V for Vendetta

Evey: My father used to tell me that artists use lies to tell the truth while politicans use them to cover the truth up.
V: A man after my own heart.

Add time

Evey Hammond: I don't want you to die.
V: That is the most beautiful thing you could have ever given me.

Add time

Evey: I don't want to hear any more of your lies.
V: Your own father said that artists use lies to tell the truth. Yes, I created a lie, but because you believed it, you found out something true about yourself.

Add time

V: But again, truth be told, if you're looking for the guilty you need only look into a mirror.

Add time

Delia Surridge: Oppenheimer was able to change more than the course of a war. He changed the entire course of human history. Is it wrong to hold on to that kind of hope?
V: I have not come for what you hoped to do. I've come for what you did.

Add time

Evey Hammond: You're getting back at them for what they did to you?
V: What they did to me was monstrous.
Evey Hammond: And they created a monster.

Add time

V: VoilĂ ! In view, a humble vaudevillian veteran, cast vicariously as both victim and villain by the vicissitudes of Fate. This visage, no mere veneer of vanity, is it vestige of the vox populi, now vacant, vanished. However, this valorous visitation of a by-gone vexation, stands vivified, and has vowed to vanquish these venal and virulent vermin vanguarding vice and vouchsafing the violently vicious and voracious violation of volition. The only verdict is vengeance; a vendetta, held as a votive, not in vain, for the value and veracity of such shall one day vindicate the vigilant and the virtuous. Verily, this vichyssoise of verbiage veers most verbose so let me simply add that it's my very good honor to meet you, and you may call me V.
Evey Hammond: Are you like a crazy person?
V: I'm quite sure they will say so.

Add time

V: I, like God, do not play with dice and do not believe in coincidence.

Add time

Evey: You killed...? Oh my god.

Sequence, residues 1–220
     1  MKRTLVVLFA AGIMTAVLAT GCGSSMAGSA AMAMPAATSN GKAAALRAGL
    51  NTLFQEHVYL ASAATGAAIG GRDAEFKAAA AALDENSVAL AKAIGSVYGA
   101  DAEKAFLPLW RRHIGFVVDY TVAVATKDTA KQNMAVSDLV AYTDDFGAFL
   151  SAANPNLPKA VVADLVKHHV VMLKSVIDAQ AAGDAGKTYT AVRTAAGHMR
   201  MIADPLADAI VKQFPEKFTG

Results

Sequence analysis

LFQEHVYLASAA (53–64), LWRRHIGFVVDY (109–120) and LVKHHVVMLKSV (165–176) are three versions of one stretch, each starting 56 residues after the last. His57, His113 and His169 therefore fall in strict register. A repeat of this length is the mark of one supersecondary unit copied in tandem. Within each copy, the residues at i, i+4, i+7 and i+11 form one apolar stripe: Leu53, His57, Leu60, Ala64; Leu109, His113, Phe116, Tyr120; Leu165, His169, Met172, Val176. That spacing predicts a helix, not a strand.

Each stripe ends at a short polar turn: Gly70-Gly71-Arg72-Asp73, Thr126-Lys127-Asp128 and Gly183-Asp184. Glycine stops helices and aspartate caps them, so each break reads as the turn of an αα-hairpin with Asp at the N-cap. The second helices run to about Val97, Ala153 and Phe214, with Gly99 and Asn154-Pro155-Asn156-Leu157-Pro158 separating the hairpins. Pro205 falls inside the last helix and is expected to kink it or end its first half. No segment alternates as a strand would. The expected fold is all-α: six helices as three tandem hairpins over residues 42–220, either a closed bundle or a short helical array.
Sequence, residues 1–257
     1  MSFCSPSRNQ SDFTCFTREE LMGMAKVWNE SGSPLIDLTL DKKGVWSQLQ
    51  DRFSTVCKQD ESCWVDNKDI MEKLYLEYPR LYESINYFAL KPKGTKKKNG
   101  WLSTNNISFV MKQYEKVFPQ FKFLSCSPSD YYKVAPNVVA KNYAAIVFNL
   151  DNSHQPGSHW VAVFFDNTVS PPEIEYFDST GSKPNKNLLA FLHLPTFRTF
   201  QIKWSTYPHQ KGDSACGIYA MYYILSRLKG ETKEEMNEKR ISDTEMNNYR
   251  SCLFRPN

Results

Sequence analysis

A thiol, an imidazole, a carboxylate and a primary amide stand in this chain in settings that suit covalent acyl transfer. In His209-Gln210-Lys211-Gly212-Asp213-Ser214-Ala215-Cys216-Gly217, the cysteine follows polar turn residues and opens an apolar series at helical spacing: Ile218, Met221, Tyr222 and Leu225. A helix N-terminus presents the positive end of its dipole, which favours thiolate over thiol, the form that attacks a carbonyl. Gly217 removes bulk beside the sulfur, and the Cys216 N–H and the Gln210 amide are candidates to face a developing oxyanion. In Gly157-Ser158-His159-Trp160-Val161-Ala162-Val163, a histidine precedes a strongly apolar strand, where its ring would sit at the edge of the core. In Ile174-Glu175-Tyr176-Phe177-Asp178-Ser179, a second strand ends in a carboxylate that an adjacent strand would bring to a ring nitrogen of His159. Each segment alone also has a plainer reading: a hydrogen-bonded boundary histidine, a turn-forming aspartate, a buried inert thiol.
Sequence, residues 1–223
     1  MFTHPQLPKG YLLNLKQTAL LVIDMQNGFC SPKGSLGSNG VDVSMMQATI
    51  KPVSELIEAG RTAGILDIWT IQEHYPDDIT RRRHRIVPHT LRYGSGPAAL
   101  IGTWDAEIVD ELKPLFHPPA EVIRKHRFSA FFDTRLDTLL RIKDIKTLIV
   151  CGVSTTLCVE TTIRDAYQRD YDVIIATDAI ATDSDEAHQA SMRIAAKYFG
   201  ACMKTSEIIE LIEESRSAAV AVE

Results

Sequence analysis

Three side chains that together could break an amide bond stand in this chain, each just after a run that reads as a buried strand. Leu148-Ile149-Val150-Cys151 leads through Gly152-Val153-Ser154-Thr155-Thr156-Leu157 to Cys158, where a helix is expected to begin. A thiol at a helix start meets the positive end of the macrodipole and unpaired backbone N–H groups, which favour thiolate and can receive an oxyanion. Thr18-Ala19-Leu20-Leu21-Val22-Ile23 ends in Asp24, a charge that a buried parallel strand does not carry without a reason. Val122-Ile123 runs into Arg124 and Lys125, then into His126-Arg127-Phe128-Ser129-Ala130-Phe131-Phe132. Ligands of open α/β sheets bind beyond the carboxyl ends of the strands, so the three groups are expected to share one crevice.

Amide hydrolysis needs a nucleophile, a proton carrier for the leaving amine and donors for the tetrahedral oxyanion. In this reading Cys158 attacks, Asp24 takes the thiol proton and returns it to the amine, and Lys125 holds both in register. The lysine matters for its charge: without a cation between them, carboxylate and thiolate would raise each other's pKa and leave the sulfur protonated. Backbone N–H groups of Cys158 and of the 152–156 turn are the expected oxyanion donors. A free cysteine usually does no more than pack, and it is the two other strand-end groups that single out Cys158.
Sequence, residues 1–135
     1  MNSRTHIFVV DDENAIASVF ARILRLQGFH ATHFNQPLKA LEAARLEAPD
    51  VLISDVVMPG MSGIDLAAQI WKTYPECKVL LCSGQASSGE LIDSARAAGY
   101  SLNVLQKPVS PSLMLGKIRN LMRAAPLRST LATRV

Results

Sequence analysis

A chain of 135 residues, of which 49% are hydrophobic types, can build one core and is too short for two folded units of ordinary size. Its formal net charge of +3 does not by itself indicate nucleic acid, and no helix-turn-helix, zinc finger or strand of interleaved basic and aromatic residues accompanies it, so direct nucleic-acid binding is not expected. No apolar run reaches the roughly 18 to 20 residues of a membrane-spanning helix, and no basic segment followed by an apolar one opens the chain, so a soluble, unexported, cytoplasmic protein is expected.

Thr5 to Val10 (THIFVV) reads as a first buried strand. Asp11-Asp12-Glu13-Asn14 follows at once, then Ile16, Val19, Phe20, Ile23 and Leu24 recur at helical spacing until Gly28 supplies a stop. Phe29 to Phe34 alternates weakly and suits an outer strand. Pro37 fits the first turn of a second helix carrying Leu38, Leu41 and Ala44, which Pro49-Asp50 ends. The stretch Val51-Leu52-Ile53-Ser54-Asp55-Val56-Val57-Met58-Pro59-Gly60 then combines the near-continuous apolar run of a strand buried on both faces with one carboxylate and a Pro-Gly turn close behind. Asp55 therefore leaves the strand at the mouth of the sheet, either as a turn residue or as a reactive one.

V: You're upset.
Evey: I'm upset? You just said you killed Lewis Prothero.
V: I might have killed the Fingermen that attacked you, but I heard no objections then.

Add time

Evey Hammond: Who...who are you?
V: Who? Who is but the form following the function of what. And what I am, is a man in a mask.
Evey Hammond: I can see that.
V: Of course you can. I'm not questioning your powers of observation, I'm merely remarking on the paradox of asking a masked man who he is.

Add time

V: Remember, remember, the fifth of November, The gunpowder treason and plot. I know of no reason why the gunpowder treason should ever be forgot.

Add time

BTN News Poppet: Now, this is only an initial report, but at this time, it's believed that during this heroic raid, the terrorist was shot and killed.
Little girl: Bollocks.

Add time

Evey Hammond: Are you a Muslim?
Gordon Deitrich: No. I'm in television.

Add time

V: Would you like to dance?
Evey Hammond: Now?! On the eve of your revolution?
V: A revolution without dancing...is a revolution not worth having!

Add time

Creedy: Die! Why won't you die?
V: Beneath this mask there is more than flesh. There is an idea, Mr. Creedy - and ideas are bulletproof.

Add time

V: People should not be afraid of their governments. Governments should be afraid of their people.

Add time

[The news has just reported the death of Lewis Prothero.]
Evey: Did you have anything to do with this?
V: Yes, I killed him.

Add time